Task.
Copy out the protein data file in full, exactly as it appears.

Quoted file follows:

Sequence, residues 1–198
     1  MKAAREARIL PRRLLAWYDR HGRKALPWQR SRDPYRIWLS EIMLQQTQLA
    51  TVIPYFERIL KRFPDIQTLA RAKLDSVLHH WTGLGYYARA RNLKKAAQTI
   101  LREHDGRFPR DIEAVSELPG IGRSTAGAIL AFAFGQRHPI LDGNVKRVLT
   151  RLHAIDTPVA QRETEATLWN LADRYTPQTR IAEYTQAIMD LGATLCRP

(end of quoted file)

Sequence, residues 1–198
     1  MKAAREARIL PRRLLAWYDR HGRKALPWQR SRDPYRIWLS EIMLQQTQLA
    51  TVIPYFERIL KRFPDIQTLA RAKLDSVLHH WTGLGYYARA RNLKKAAQTI
   101  LREHDGRFPR DIEAVSELPG IGRSTAGAIL AFAFGQRHPI LDGNVKRVLT
   151  RLHAIDTPVA QRETEATLWN LADRYTPQTR IAEYTQAIMD LGATLCRP